As a spice, it has been a staple product of almost every cuisine prepared in India. For centuries, turmeric has been a part of Ayurveda, traditional Chinese, and Unani medicinal practices. Turmeric has a long history of medicinal usage and its usage as a healing medicine could be found in Ayurveda.

The use of turmeric could be seen in Ayurvedic beauty routines. For centuries, it has been used as a facial mask in India. In ancient times, it was used as a perfume. The reason being the rhizome carried a pepper-like aroma. Regular usage of turmeric helps in softening, smoothening, and lightening the skin.

However, in Vedic culture, the use of turmeric was not limited to culinary items only, but it also had some religious significance. It has been a part of many rituals and ceremonies, associated with fertility, prosperity, and also for the well-being of human beings. During religious ceremonies, the application of turmeric symbolizes purity.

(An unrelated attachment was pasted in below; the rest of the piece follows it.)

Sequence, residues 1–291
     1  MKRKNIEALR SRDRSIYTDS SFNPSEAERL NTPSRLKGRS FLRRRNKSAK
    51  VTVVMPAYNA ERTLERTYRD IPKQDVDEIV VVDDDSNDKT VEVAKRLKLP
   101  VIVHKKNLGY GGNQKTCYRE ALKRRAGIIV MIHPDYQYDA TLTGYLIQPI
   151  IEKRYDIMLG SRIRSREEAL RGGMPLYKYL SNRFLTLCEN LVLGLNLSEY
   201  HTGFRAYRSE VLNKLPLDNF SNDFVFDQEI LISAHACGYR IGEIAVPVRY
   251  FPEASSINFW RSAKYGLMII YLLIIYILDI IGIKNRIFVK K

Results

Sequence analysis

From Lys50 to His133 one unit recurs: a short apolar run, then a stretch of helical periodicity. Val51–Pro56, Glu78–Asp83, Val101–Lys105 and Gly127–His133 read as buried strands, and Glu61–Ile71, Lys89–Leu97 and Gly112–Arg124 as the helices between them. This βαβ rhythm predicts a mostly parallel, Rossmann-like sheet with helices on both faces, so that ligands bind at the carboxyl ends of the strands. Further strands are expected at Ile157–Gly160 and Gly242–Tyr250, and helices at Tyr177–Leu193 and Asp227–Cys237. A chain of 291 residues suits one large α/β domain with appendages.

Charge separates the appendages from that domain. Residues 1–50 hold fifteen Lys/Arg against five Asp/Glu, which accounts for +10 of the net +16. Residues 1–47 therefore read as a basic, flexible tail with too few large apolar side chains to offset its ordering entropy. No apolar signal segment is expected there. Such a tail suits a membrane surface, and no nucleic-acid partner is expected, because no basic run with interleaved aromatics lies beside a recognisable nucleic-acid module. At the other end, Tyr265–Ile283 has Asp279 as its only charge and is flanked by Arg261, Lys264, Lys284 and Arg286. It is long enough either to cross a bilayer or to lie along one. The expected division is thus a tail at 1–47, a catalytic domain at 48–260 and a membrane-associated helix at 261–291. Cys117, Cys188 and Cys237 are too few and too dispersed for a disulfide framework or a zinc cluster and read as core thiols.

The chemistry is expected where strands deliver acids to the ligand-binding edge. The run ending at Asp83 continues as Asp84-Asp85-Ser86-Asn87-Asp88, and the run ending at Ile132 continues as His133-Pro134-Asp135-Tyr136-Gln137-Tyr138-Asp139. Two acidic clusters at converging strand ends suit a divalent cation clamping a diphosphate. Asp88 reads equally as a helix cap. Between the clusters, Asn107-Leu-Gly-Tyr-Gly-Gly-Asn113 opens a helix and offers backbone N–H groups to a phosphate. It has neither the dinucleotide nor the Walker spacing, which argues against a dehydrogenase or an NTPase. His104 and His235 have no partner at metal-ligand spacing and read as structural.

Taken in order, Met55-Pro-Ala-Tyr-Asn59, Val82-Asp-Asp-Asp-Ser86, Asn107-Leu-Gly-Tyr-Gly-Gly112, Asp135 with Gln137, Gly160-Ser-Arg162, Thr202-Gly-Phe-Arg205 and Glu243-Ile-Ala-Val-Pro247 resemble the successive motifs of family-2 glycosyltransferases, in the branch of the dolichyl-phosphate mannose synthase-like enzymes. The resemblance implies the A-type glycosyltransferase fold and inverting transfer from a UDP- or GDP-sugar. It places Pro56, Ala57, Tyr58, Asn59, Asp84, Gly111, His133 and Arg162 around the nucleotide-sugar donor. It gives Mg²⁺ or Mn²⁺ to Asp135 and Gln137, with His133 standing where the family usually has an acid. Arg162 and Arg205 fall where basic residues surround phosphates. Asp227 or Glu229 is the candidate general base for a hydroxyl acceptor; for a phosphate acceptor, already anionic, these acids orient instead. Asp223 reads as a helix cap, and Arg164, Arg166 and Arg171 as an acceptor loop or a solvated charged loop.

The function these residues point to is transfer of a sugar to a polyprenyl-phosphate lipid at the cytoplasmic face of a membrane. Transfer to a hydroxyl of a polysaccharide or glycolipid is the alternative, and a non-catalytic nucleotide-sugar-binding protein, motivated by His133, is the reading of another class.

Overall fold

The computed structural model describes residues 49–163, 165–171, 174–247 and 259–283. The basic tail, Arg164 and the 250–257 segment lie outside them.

In both Hinduism and Buddhism, turmeric is associated with the sun, luck, and fertility. Similarly, in both Hinduism and Buddhism, idols and statues are smeared with turmeric paste during religious ceremonies, to spread sensuality and chastity.
The Curcumin extracted from turmeric was used as a dye for coloring fabrics, especially for coloring the robes of Hindu and Buddhist monks and priests. The use of turmeric as a food and a dye was even seen among the people of the Pacific Islands.